OAKLAND, California / NEW YORK (Reuters) – After surviving two hits at age 27, Olivia Colt launched into a catering business, a dream of a lifetime. Ten years and another hit later, she had turned Salt & Honey Catering Plus Events into a thriving operation in downtown Oakland.
Mary Foster prepares a product sample received from a foreign factory in Bentonville Copy & Ship that has been operating a sidewalk service since March in response to the outbreak of coronavirus disease (COVID-19) in Bentonville, Arkansas, USA. USA, July 24, 2020. Ellie Boswell / Flyer via REUTERS
Now with the coronavirus pandemic forcing clients to cancel weddings and events, she has reduced her staff from 25 to six and has tried to generate new business by selling groceries online. She obtained a forgivable loan of $ 100,000 under the United States’ Paycheck Protection Program (PPP) and another loan of $ 150,000 under a federal program that is generally used for natural disasters. She hoped the money would help her through a few months of trouble.
But the difficulties are dragging on.
“I have applied for all the grants and loans, I have maximized my credit card, I have used my company’s reserves, I have spent my savings,” he said.
Colt now fears he may have to close his business permanently. Many small businesses across the country are reaching similar breakpoints in an economy with the highest unemployment rate since the Great Depression. Small businesses have survived the pandemic thus far with a combination of government aid, debt and income tolerance and creativity to sell to an increasingly confined and economically affected population.
As the first wave of US aid wears off, and homeowners and lenders lose patience, lawmakers are in tense negotiations over a new round of stimulus, which could include more money for small businesses.
The White House did not respond to a request for comment.
Most companies have already run out of money they got from the $ 600 billion Salary Protection Program, according to a survey released this week by the National Federation of Independent Business, a leading trade group for small American businesses.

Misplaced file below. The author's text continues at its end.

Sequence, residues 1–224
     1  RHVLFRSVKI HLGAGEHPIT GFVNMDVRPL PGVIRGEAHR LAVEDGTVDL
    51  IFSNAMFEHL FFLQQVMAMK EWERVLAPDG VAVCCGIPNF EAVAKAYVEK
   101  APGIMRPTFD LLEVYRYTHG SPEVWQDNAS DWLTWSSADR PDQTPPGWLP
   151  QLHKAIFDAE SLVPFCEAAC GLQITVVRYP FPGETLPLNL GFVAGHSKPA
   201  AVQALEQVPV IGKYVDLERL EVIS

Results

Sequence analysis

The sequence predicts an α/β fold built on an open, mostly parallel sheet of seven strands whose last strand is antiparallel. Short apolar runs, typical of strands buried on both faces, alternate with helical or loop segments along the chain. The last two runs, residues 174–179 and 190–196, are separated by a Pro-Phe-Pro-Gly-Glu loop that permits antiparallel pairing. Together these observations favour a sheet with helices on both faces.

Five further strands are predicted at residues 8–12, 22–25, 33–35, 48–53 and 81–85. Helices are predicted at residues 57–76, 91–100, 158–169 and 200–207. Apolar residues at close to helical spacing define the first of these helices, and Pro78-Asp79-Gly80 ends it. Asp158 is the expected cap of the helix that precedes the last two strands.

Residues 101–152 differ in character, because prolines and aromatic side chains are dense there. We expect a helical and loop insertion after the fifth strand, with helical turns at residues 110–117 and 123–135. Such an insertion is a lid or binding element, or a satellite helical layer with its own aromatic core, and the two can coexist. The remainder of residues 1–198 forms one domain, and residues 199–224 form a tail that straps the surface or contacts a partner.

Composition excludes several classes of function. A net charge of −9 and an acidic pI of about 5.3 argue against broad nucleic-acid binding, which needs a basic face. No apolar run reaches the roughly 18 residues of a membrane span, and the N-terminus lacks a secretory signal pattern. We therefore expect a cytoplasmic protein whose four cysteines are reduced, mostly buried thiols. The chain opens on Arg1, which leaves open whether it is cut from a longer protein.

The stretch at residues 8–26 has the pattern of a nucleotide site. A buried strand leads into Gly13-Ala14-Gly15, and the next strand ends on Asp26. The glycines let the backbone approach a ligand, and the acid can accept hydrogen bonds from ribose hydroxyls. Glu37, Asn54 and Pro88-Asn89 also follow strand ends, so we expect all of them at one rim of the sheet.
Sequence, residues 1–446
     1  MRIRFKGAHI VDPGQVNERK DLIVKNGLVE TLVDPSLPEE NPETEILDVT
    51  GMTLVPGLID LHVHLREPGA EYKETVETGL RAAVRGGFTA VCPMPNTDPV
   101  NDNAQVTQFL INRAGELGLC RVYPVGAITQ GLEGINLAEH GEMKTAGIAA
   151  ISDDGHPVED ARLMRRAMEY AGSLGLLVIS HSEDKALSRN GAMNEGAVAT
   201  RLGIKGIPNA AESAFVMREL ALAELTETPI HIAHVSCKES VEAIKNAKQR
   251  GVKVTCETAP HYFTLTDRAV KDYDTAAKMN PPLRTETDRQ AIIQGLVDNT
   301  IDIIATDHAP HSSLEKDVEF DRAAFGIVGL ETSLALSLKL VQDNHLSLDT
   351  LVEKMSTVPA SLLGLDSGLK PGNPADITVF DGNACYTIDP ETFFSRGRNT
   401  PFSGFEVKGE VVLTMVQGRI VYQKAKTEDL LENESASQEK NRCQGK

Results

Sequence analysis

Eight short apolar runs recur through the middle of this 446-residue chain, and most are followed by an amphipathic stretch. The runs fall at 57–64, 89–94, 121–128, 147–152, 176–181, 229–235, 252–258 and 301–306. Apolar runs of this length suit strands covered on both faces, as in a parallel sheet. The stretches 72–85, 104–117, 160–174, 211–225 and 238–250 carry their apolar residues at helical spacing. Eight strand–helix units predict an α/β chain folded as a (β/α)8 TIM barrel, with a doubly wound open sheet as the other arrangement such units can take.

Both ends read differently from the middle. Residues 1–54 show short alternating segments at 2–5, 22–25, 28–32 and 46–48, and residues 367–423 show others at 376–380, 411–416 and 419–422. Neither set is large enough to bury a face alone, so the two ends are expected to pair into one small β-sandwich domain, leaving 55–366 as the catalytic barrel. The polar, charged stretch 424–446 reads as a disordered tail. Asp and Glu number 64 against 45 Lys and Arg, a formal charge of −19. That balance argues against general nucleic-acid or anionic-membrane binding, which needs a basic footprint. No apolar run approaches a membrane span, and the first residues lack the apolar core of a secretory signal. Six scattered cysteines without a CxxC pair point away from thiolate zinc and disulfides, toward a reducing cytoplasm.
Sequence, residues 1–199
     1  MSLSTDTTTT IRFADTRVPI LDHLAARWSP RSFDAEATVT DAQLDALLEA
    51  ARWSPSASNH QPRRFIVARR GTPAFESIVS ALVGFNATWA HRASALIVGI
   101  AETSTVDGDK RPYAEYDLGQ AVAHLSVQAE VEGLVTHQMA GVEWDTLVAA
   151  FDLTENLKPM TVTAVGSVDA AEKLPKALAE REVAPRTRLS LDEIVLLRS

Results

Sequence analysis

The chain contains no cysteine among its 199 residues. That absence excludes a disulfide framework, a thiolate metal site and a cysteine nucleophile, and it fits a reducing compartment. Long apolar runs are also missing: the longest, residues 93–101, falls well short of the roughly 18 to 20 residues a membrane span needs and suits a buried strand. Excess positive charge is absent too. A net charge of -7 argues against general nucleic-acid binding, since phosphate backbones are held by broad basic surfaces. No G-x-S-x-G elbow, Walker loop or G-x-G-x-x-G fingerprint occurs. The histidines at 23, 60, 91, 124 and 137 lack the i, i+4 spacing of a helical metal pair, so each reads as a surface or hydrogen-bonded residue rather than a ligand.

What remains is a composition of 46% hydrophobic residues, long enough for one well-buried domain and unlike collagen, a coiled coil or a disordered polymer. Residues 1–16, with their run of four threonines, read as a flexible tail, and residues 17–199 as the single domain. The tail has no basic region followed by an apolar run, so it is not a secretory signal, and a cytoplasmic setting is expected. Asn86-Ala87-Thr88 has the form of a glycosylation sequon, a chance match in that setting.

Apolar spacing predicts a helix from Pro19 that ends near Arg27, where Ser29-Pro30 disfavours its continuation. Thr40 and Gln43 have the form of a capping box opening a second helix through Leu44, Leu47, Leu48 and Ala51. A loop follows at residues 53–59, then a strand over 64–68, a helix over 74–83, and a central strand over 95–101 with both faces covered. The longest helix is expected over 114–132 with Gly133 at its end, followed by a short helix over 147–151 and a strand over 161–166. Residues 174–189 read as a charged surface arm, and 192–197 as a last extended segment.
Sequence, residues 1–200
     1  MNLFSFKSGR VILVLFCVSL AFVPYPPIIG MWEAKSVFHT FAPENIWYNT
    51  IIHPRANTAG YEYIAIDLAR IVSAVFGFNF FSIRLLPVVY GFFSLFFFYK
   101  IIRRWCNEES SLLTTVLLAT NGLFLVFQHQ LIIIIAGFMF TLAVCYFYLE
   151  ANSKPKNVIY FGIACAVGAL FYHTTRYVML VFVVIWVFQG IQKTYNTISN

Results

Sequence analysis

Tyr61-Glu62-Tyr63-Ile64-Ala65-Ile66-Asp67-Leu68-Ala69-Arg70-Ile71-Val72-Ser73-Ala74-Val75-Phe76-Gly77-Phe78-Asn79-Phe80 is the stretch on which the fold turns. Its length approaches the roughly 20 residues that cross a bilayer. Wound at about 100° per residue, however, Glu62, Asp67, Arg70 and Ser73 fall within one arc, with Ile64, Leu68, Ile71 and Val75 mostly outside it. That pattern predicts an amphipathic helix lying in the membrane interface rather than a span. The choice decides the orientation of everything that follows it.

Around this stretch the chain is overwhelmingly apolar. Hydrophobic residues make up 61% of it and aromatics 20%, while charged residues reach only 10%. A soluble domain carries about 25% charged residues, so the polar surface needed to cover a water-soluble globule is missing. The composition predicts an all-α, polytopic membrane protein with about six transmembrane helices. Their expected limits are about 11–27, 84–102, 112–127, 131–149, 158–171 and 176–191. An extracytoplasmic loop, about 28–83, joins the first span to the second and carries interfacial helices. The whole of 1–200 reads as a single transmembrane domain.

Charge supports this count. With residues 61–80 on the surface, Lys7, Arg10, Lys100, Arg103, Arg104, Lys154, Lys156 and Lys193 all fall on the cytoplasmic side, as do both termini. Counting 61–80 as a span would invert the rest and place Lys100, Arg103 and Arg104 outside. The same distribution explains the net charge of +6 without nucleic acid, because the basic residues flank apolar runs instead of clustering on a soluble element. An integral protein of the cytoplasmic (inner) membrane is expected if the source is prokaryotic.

The federation also discovered in early July that 23% of respondents expected to close the business within six months unless economic conditions change.
Bill Phelan, who tracks small business loans for credit reporting firm Equifax Inc., says defaults jumped to around 2.7% of small business debt. For the next year, their models predict an increase of 5% or 6%. (For a graph of the company’s default trends, click tmsnrt.rs/2CVqyzZ)
Default values peaked at 6.35% in 2009, during the Great Recession, according to Phelan data. Then, the US government stimulus amounted to less than $ 1 trillion, compared to $ 3 trillion so far since the pandemic.
“Tolerance and PPP have helped a lot, but they cannot continue forever,” he said.
Without a vaccine to combat new waves of infection, Phelan expects double-digit default rates in the hardest hit sectors, such as hospitality, food service and retail.
Business owners like Colt have a hard time staying open without accumulating more debt, with no guarantees of success.
“Is it worth taking on more debt if your business can’t survive?” she asked.
Colt, whose mother and grandmother immigrated from the Dominican Republic, moved her kitchen in May to a cheaper space in West Oakland industrial. Initially, his previous landlord had been sympathetic, but he soon began demanding payments that he could no longer afford.